PAST PERFORMANCE IS NO GUARANTEE OF FUTURE RESULTS:
She supported Huey Newton and the Black Panthers in the early 1970s, stating “Revolution is an act of love; we are the children of revolution, born to be rebels. It runs in our blood.” She called the Black Panthers “our revolutionary vanguard … we must support them with love, money, propaganda and risk.” She has been involved in the feminist movement since the 1970s, which dovetails with her activism in support of civil rights.
Fonda’s affinity for communism served as a backdrop for her intense anti-Vietnam War activities. By 1970 she was telling American college students: “If you understood what communism was, you would hope, you would pray on your knees that we would some day become communist. . . . I, a socialist, think that we should strive toward a socialist society, all the way to communism.” The dual villains of Southeast Asian conflicts were, in her view, “U.S. imperialism” and “a white man’s racist aggression.”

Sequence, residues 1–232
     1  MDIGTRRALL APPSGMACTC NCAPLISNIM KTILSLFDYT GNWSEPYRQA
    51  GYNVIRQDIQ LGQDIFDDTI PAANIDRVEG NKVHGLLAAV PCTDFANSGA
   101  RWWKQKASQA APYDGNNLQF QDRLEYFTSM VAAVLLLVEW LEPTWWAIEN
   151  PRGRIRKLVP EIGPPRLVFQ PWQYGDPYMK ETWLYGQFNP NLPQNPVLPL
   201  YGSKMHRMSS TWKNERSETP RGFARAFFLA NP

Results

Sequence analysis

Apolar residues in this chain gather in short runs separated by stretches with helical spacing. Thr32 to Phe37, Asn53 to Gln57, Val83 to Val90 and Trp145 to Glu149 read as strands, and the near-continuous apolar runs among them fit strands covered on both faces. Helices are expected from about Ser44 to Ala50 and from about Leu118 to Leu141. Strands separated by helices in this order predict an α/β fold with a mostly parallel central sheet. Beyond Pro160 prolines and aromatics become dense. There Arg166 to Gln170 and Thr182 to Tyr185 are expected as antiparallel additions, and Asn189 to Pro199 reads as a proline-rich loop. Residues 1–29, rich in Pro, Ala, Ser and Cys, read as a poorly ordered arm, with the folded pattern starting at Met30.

—Fonda’s page at David Horowitz’s Discover the Networks who’s who database of the far left.
However, Fonda also predicted violence if Clinton secures the Democratic nomination and goes on to beat the Republican presidential nominee in the general election. The main reason for that vehemence, the actress says, will be the fact that she is a woman.
“Every time women move forward, there is going to be problems,” Fonda insisted. “So one of the things we have to do is help men understand why they are so threatened, and change the way we view masculinity. We have a toxic masculinity and that’s what needs to be addressed.”
—”Jane Fonda: ‘There Will Be Violence’ if Clinton is Elected President in November,” the Blaze, yesterday.
Funny, I’m old enough to remember when the “toxic masculinity” trope was leveled by Hollywood dowagers against Hillary’s supporters, not Bernie Sander’s. (Given that the vast majority of political violence emanates from the left, as Fonda well knows and once encouraged, that’s the group that she’s smearing, no?) Speaking of which, why would the poster child for radical chic suddenly start denouncing violence?